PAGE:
Features Nov 1, 2016 | 1:41 PMby IM David Martínez

MVL triumphs in Corsica

Maxime Vachier-Lagrave has won the 20th edition of the Corsican Circuit after beating Vishy Anand in the final. The French no. 1 swept through the tournament, needing only two rapid games to win each of his four matches. Our report includes analysis of Maxime's dramatic final win with the black pieces against Anand in the Najdorf Sicilian.

Maxime Vachier-Lagrave dominated in Corsica | photo: official website

The traditional Corsican tournament takes place in two phases. First there's a classical 9-round open to select 12 players, with Anton Korobov taking clear first on 7/9. You can play through the top games using the selector below:

Then the 12 qualifiers were joined by four of the world's top stars - Vishy Anand, Maxime Vachier-Lagrave, Teimour Radjabov and Hou Yifan - for a 16-player rapid knockout. Class told, with the favourites generally making it through, though some had more difficulties than others. 

15-year-old Romanian star Bogdan-Daniel Deac had held his own against Radjabov for two rapid games, one blitz game and now 125 moves of the second blitz game. It seemed they were headed for Armageddon, until 126...Ke5??


You can see the moment when Radjabov played 127.f4+! in the video above.

The ultimate winner, Maxime Vachier-Lagrave, was on fire from the start, beating IM Bilel Bellahcene 2-0 in the last eight, with his use of the bishop pair to win with the black pieces standing out. He also scored a whitewash against Ukrainian GM Vladimir Onischuk. Once again it was his win with the black pieces that stood out - another brilliant effort in his beloved Najdorf!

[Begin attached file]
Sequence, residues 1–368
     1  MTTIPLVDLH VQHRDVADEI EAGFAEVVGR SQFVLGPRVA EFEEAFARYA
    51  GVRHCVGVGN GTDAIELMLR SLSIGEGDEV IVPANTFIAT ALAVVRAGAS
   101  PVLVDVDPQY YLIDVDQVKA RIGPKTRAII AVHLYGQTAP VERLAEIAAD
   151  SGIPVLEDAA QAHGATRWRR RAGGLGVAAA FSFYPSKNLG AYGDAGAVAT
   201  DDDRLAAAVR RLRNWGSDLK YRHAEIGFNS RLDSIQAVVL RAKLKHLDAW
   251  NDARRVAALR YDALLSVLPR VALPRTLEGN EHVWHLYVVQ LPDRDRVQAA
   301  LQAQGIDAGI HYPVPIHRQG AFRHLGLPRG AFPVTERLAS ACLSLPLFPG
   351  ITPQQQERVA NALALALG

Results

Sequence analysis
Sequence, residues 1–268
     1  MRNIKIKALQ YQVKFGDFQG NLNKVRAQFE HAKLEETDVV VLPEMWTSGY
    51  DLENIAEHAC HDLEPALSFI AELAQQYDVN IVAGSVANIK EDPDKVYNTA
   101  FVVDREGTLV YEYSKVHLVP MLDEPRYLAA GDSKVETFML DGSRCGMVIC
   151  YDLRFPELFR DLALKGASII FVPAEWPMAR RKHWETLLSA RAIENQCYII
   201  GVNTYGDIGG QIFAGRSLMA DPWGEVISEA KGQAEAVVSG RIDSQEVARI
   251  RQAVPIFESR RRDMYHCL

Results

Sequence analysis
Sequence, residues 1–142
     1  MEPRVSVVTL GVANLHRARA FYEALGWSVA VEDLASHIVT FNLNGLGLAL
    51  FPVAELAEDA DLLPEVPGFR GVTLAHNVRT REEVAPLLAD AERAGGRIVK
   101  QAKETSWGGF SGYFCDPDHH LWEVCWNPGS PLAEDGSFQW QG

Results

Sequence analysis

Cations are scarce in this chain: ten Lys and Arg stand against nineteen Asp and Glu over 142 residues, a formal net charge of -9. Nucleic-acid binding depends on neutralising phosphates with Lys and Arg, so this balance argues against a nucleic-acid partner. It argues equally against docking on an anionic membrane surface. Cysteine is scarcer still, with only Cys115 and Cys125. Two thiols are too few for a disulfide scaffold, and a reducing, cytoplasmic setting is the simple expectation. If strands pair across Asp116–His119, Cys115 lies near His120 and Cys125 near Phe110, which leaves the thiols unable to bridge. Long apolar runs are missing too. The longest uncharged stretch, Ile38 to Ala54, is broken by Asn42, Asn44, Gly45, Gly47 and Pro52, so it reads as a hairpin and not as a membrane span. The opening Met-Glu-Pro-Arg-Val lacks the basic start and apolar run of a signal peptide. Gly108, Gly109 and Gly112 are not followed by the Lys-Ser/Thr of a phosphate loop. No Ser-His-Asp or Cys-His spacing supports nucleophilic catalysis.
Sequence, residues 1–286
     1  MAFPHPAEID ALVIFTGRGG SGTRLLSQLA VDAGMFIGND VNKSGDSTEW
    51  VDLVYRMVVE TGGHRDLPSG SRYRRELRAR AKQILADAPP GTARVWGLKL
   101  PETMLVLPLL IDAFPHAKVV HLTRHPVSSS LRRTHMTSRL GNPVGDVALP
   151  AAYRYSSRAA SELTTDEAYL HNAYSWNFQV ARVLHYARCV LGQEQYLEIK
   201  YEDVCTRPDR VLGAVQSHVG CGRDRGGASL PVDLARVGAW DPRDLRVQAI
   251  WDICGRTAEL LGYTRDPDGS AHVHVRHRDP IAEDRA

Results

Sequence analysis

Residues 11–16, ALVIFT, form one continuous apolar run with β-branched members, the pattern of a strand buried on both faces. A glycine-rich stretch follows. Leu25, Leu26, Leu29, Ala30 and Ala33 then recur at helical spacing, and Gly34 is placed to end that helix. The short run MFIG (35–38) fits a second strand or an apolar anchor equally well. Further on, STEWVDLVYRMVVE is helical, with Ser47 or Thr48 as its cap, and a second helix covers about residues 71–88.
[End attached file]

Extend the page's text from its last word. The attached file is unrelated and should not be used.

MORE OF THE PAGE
The decisive game of the semifinals | photo: official website

In the semifinals Maxime met Anton Korobov - a tough nut to crack! Maxime won the first game with the white pieces despite getting a bad position in the opening. When the queens came off, however, he seized the initiative and took his chance. In the second game Korobov employed the move 9.Nd2, which merits attention as a good alternative to the hackneyed 9.Qd2:


The game soon reached virgin territory, with Maxime failing to fully equalise and having to suffer in a rook and opposite-coloured bishop ending a pawn down. 

The final stages of the 2016 Corsican Masters

The other semifinal took place between Anand and Radjabov. The Indian had only conceded a single draw up to that point in the tournament, and was pressing with the white pieces. The Azeri star seemed to have established a fortress, though, until he committed a grave error:


Radjabov could have repeated with 67...Ra7 and it seems there's no way for White to improve his position, since 68.Rf6 can be met with Be8, not permitting any liquidation. Instead he went for 67... Rd5+? which regained the pawn by force... but also lost the game! After 68.Kc6 Rd4 69.Rb7 Rxf4 Anand simplified with 70.Rxf7+! reaching an easily won pawn ending. A draw in the second game took Anand into the final.

Watch this video recap of the quarter and semifinals:

The final showdown

If it had been an arm-wrestling contest the outcome might have been different! | photo: official website

After a draw in the first game, with Vishy choosing a neat rook vs. queen fortress to finish, the match was decided by Maxime with the black pieces in the second game. 

For the final the players moved to Corsica's capital, Ajaccio | photo: official website

His opening play may have been inaccurate at times, but when he got to switch to dynamic play in his beloved Najdorf he didn't put a foot wrong:

Click "moves" to see the annotations

Replay all the knockout stage games with computer analysis:

In short, a great tournament took place in Corsica with theoretical discussions, fine play and, of course, time trouble blunders - what more could you ask for?

See also:


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